• This time we are going from pH to a hydrogen ion concentration. The pH has 2 decimal places so we need to give our answer in 2 significant figures. 


To calculate the hydrogen ion concentration, we use the formula


$$[H^+] = 10^{-pH}$$


$$[H^+] = 10^{-4.35} = 4.466735922 \times 10^{-5} \hspace{0.1cm} mol \hspace{0.1cm} L^{-1}$$


However remember that we must express our answer to 2 significant figures

$$\therefore [H^+] = 4.5 \times 10^{-5} \hspace{0.1cm} mol \hspace{0.1cm} L^{-1} $$


Relationship between pH and pOH, Ka and Kb

  • Self-ionisation of water is represented by the reaction:


$$2H_2O(l) \rightleftharpoons H_3O^+(aq) + OH^-$$


  • The equilibrium constant, Kw, of this reaction = 10–14 at 25 ºC. This is extremely small which indicates that the equilibrium lies on the far-left side of the reaction, resulting in very small amounts of H3O+ and OH equilibrium.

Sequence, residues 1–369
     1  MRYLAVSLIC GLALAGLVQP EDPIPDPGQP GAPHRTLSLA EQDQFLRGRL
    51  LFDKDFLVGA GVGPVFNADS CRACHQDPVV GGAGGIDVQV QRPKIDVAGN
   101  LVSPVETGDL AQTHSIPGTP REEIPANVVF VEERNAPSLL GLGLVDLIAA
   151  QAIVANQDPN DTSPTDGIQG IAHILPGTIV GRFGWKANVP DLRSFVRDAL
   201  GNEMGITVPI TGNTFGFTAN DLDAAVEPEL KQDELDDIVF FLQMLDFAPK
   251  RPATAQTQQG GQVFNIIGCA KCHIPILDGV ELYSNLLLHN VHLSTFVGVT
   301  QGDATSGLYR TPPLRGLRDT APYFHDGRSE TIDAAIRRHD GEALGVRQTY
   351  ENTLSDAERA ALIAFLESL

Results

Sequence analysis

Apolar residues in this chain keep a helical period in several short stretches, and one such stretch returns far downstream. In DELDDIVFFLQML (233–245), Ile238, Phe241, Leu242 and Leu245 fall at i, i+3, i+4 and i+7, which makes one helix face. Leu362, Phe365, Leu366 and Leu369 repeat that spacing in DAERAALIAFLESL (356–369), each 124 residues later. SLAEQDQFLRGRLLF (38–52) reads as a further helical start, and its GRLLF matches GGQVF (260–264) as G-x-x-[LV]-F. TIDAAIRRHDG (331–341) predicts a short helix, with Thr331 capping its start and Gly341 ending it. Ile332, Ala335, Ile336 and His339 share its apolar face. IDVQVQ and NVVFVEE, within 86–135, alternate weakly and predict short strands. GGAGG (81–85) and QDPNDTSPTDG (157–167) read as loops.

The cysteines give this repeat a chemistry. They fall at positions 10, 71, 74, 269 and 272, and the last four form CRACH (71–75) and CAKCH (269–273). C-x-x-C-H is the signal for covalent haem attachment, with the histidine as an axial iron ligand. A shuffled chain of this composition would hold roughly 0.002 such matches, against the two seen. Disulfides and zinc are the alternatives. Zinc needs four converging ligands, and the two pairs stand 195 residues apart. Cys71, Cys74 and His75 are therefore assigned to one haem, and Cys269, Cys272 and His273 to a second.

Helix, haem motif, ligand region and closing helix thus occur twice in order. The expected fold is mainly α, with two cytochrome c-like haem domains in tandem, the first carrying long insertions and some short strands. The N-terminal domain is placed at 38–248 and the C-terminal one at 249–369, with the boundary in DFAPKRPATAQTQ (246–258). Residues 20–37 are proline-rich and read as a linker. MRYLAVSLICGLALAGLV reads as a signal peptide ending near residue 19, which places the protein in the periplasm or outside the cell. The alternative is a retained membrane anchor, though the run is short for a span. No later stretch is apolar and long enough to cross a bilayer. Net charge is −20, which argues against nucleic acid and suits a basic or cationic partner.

$$\boldsymbol{K_w} = [H_3O^+_{(aq)}][OH^-_{(aq)}] = 10^{-14}$$


  • pH and pOH can be calculated using the following equation:
Derivation (do not memorise):


$$[H_3O^+_{(aq)}][OH^-_{(aq)} = log(10^{-14})$$

$$\boldsymbol{log}[H_3O^+_{(aq)}] + \boldsymbol{log}[OH^-_{(aq)}] = -14$$

$$\boldsymbol{-log}[H_3O^+_{(aq)}] - \boldsymbol{log}[OH^-_{(aq)}] = 14$$

$$pH + pOH = 14$$


  • K(equilibrium constant of the self-ionisation of water) is the product of
    Ka of a weak acid and Kb of its conjugate base

$$K_w = K_a \times K_b$$ 


Derivation (do not memorise): For a generic acid-base system,

$$\boldsymbol{Acid}: \hspace{0.5cm} HA_{(aq)} + H_2O_{(l)} \leftrightharpoons A^-_{(aq)} + H_3O^+_{(aq)} \hspace{0.5cm} K_a = \frac{[A^-][H_3O^+]}{[HA]}$$

 $$\boldsymbol{Base}: \hspace{0.5cm} A^-_{(aq)} + H_2O_{(l)} \leftrightharpoons HA_{(aq)} + OH^-_{(aq)} \hspace{0.5cm} K_B = \frac{[HA][OH^-]}{[A^-]}$$


$$K_a \times K_b = \frac{[{A^-}][H_3O^+]}{HA} \times \frac{[HA][OH^-]}{[A^-]}$$


$$K_a \times K_b = [H_3O^+_{(aq)}][OH^-_{(aq)}] = 10^{-14}$$


This means at 25℃ (298.15K)

$$ K_a = \frac{10^{-14}}{K_b} \hspace{3cm} K_b = \frac{10^{-14}}{K_a}$$